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Are you fire ready?

Take precautions this Thanksgiving to avoid kitchen, turkey fires

POSTED: November 16, 2012 1:00 a.m.

Preparing the Thanksgiving meal with family can be as much of a holiday tradition as actually eating the food.

But when everyone is mixing, mashing, and stuffing their favorite dishes, the kitchen can get a little disorderly.

“People get distracted and don’t pay attention because they’re enjoying their families and the next thing you know, the turkey is on fire,” said Lt. Beverley Walker, public educator for the Hall County Fire Marshal’s Office.

But a burned turkey isn’t the biggest threat to the Thanksgiving holiday.

According to the National Fire Protection Association, Thanksgiving is the peak day for home cooking fires. And cooking fires were the No. 1 cause of home fires and related injuries in 2011.

Walker said the main reason a kitchen fire occurs is because the cook gets distracted and leaves the food on the stove or in the oven unattended.

“People think I’m going to step away for just a minute and it turns into five minutes and then 10 minutes,” Walker said.

She said as a general rule, people should stay in the kitchen while they’re cooking, but if they have to leave the room, remember to turn down the temperature on the burner.

Walker suggests carrying an item like a wooden spoon out of the kitchen with them to serve as a reminder.

Of the various ways a fire can start in the kitchen, the NFPA said frying food poses the greatest risk.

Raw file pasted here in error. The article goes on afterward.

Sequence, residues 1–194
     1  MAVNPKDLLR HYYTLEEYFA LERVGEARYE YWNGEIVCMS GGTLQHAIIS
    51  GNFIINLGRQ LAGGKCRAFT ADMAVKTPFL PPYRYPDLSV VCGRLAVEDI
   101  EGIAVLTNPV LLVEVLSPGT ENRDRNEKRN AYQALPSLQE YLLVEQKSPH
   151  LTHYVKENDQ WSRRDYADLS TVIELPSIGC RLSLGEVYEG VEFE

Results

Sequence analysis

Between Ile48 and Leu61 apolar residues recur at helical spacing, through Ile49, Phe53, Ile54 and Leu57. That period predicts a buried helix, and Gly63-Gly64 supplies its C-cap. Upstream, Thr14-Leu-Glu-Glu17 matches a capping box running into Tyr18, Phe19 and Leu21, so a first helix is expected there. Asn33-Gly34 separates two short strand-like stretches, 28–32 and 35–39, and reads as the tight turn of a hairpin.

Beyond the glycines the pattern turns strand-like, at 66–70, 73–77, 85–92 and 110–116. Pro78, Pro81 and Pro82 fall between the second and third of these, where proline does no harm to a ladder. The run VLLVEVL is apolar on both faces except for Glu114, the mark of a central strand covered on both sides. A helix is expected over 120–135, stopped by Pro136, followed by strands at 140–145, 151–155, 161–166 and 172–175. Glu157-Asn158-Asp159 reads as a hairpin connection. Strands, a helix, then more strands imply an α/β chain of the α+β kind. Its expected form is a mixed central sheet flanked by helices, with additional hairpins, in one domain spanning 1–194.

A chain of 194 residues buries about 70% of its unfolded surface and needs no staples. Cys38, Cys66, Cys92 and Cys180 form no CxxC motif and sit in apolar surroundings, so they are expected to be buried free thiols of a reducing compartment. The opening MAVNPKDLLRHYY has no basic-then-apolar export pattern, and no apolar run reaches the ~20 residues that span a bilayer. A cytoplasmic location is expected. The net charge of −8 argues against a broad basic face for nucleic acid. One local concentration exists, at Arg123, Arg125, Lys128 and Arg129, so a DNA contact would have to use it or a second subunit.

Those who choose to fry their turkeys in a turkey fryer need to exercise caution and follow the manufacturers instructions carefully.

Turkey fryers should be used far away from buildings and other structures.

“We discourage the use of them because if you put a turkey that was not completely thawed in the fryer, fire goes everywhere,” Walker said.

Grease fires also pose a hazard in the kitchen. While water might seem like the obvious solution to fight any fire, in the case of a grease fire, it is the last thing to use. Water will actually cause the fire to spread more quickly.

Instead, use baking soda or a fire extinguisher. If the fire is small and still in the pan, place a lid on the pot and turn off the heat.

More than 50 percent of fires start on range tops according to the NFPA. Many fires could be prevented by keeping stove tops clean and clear.

Usually the smell of burning cookies left in the oven will prompt a person to quickly open the door and remove the charred treats.

If the food were to ignite however, opening the door will make the fire worse.

Fire needs oxygen, by keeping the oven door closed the fire has limited oxygen with which to grow.

Walker said families with small children should keep children out of the kitchen while cooking, in general. Children may want to help with the meal preparations but it only takes bumping the pot handle the wrong way to cause serious injury or even death.

Many families will have more company staying in their homes this holiday season. Families should share any evacuation and safety plans with their guests, especially any overnight guests, in the event a fire were to occur.

Walker said it’s fine for residents to attempt putting out a small fire themselves with fire extinguishers, but to be extremely careful. Make sure children and elderly members of the family are taken outside where it’s safe until the fire is completely out.

No matter the size of the cooking fire, Walker encourages anyone who isn’t comfortable putting the fire out to leave the house and call 911 immediately. In most cases, firefighters will arrive at the house within a few minutes to assist.


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